In other words, your audience has particular features: habits, assumptions, knowledge (correct and wrong), and customs. Programmers are human. They also are particular kinds of humans. And the user of some particular API is yet further specifiable.

The one thing they are almost certainly not, however, is you. You are thinking about how to solve the problem, the merits of various approaches, the detailed trade-offs between one algorithm and another, the literature on doing the work involved, and so on. By the time you are done figuring out what to do, you are likely one of the most expert folks in the world on the task you are trying to help people with.

And your users? They just want it to happen. They will have varying degrees of expertise, but even the most expert will have one reason to use your system: so they can think about it as little as possible. If you have done your job well, their use of your code will be only as large as you make them make it. Remember, if possible, your users would want you to provide a single command: dwim (do what I mean).

So you must think like your user: think in to the problem from their desires and viewpoints rather than out from your sophisticated understandings of solutions and mechanisms. Your design should ask, “What does the user want to do?” instead of “How can I present Whilfolze’s 3rd Equation to optimize applications of Guilemorting’s Principle?” If Whilfolze and Guilemorting have useful things to say about solving the user’s actual problem, you should apply their insights instead of making the user tell you how to apply them. The user should say “solve this,” and your code should use Whilfolze and/or Guilemorting if that’s a good thing to do.

Consider the difference between a car designer asking, “How does the user control the car?” vs. “How can the user adjust the fuel intake, injectors, cylinders, spark plugs, fans, differentials, etc.?” The first question is much more likely to produce a design usable by car-ignoramuses like me because the question it asks is one I will ask. Approaching the design as a way to fiddle with the complex car parameters will almost certainly produce a more complex design with more alternatives and features presented to me. I don’t want that. If I want to become a car expert, I will open the hood. I just want the thing to work.

One way to approach the problem is this: write the pseudocode your users would want to write, and then make it work with as few additions as possible.

The primary questions are: What problems are users trying to solve? What kinds of things do users have in hand when they want to solve the problem? How does the user think of the problem? What must the user tell me and what can I deduce for myself? This starts with a good definition of who your users are, of course, which is a task most designs seem to ignore.

Remember that users have a notorious history of thinking they know how something should be done and being wrong. One classic example is the register keyword of C. The idea was that the user (in this case a programmer) would tell the compiler which local variables should be stored in fast-access processor registers because the programmer knew what was critical. It turned out that compilers were almost always smarter about register allocation than users could ever be. The register keyword quickly became advisory, and by now I suspect that all C/C++ compilers just ignore it, snickering.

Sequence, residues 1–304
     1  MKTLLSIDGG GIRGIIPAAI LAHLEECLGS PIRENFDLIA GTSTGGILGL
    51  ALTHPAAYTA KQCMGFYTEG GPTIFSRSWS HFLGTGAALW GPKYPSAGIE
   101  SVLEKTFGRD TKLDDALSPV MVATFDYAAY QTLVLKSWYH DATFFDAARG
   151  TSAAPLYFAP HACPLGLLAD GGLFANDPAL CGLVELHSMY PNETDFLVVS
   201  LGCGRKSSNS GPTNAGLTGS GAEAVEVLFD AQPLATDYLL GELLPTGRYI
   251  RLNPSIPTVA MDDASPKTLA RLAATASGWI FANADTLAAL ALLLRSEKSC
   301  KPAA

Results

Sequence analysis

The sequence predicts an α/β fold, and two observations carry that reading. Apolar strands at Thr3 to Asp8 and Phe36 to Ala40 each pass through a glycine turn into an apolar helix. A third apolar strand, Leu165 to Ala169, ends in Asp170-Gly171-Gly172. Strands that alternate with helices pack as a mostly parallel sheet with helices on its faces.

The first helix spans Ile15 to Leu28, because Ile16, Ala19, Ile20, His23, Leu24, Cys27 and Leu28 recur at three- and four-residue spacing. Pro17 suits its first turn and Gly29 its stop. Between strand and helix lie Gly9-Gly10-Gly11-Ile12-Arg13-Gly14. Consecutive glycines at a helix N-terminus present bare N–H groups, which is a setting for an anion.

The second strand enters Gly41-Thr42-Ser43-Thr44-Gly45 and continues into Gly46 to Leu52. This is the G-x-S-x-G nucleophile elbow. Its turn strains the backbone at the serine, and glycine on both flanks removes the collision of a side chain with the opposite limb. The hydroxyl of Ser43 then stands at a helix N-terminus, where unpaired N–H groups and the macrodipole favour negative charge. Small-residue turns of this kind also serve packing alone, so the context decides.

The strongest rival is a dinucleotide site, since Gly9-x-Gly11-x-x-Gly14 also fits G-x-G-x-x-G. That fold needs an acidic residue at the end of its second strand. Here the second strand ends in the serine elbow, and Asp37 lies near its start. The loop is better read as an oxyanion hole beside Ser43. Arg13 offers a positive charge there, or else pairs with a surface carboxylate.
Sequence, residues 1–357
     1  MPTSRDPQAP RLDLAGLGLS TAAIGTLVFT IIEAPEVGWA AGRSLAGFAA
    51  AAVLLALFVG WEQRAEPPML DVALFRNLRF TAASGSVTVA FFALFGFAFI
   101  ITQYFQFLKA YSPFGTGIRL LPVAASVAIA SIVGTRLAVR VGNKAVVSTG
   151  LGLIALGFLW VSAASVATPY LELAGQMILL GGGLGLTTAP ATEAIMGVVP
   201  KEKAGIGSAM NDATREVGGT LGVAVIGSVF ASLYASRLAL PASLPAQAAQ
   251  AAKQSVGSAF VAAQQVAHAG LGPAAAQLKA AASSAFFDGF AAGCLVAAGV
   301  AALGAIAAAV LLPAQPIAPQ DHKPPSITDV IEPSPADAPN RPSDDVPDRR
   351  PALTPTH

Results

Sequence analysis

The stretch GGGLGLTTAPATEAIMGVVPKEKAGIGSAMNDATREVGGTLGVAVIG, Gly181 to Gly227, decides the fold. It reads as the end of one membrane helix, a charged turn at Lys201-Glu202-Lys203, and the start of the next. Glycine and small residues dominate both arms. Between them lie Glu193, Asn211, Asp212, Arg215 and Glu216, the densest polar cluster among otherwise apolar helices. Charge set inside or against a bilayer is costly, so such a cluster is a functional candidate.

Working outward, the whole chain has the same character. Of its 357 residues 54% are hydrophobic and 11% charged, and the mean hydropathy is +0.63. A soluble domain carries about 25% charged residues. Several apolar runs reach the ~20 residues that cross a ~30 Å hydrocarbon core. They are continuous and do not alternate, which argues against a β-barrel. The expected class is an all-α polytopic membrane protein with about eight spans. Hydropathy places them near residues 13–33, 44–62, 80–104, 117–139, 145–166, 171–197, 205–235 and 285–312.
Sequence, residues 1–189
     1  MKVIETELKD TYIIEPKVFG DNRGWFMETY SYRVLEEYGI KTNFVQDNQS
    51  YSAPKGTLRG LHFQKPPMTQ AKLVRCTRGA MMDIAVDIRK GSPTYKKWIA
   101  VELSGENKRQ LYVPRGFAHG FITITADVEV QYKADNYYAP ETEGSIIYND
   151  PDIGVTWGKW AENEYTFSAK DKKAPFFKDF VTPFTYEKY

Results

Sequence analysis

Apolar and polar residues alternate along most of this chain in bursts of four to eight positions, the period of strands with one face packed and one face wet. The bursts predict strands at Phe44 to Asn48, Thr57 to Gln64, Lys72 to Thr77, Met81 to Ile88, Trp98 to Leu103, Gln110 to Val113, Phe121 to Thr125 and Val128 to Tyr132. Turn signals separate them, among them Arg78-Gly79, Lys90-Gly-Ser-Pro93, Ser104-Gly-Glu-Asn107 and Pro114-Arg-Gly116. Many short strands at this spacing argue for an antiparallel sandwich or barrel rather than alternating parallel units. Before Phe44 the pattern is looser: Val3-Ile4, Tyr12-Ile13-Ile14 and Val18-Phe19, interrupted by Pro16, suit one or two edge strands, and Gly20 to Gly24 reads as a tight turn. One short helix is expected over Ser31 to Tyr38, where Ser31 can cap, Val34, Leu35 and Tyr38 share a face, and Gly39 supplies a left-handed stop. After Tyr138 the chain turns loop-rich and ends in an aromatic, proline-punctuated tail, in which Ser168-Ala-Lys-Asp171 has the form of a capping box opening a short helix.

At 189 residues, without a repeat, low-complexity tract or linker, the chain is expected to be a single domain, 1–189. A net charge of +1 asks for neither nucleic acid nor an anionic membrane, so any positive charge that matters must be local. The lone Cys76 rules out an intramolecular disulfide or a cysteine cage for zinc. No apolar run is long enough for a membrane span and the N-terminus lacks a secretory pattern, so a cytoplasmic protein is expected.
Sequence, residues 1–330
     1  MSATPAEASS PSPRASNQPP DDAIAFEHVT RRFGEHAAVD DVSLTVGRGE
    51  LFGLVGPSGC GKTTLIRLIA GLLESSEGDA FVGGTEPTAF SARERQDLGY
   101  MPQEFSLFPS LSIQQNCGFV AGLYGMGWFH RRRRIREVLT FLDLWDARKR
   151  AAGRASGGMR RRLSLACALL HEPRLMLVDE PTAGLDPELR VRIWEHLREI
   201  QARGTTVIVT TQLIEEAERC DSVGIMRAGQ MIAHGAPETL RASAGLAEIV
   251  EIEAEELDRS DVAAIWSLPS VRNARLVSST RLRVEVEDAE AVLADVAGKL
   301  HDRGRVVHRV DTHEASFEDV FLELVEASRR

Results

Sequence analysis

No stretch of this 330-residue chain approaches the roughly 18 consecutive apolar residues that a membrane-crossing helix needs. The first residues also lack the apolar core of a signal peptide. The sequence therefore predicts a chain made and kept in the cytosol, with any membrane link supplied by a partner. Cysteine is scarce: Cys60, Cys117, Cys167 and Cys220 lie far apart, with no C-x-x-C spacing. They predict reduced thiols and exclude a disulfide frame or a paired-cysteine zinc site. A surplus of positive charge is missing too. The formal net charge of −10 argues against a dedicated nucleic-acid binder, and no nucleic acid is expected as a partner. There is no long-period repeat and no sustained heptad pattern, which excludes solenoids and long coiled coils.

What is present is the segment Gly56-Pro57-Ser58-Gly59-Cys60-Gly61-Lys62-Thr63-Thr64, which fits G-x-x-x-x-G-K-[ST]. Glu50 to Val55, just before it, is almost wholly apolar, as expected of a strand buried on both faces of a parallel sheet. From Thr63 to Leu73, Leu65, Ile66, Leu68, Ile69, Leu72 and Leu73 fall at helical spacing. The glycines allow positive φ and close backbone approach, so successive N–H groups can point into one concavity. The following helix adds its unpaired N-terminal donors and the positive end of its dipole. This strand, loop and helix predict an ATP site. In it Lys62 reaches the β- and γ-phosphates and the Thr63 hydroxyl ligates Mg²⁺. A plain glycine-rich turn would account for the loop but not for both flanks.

Diving Headfirst into Human Factors

Good computer design has been a topic since computers were a Lovelace-analyzed gleam in Babbage’s eyes. Experience has improved our understanding of what makes good design. We have even reached into some human-factors-influenced fields for ways to describe our understanding, such as using architecture’s notion of pattern languages for our own design patterns (and anti-patterns).

What we have rarely done, however, is reach into the field of human factors for its insights and apply them to what we design. We may be the last set of folks to realize that our users actually are humans, and so directly learn from what is known of how to design things for humans. API and language designers should dive headfirst into the field of human factors and drag its lessons back into what they do. And we programmers—we users—should demand it.

Further Reading

Norman, D. A. 2002. The Design of Everyday Things. Basic Books. Possibly the best book on designing for people. Consider the humble door—how many ways can a designer screw that up?

Tufte, E. R. 2001. The Visual Display of Quantitative Information, 2nd ed. Graphics Press. An excellent work on the human factors of information display. By analogy, most of what Tufte shows in his book can be applied to API and programming language design. As a human interaction tool, an API conveys information about what I can do and how to do it.

Raskin, J. 2000. The Humane Interface. Addison-Wesley Professional. Thinking about human-computer interfaces from a human and humane standpoint. A lot of excellent, unique thinking. (Unique means you may find things you absolutely hate, but you will think about human-centric design in new and careful ways as you decide why he’s wrong when you hate it.)

KEN ARNOLD, a freelance consultant, was the original lead architect of JavaSpaces. He is a leading expert in object-oriented design and implementation, and is an author of several books and articles on Jini, Java, and design principles. Before working at Sun, Arnold was part of the original Hewlett-Packard architectural team designing CORBA, several user interface and Unix projects at Apollo Computers, and molecular graphics at the University of California, San Francisco. In olden days, he was part of the 4BSD team at U.C. Berkeley, where he created the curses library package for terminal-independent screen-oriented programs, and was co-author, with Mike Toy and Glen Wichman, of the computer game Rogue. He received his A.B. in computer science from U.C. Berkeley in 1985.


Originally published in Queue vol. 3, no. 5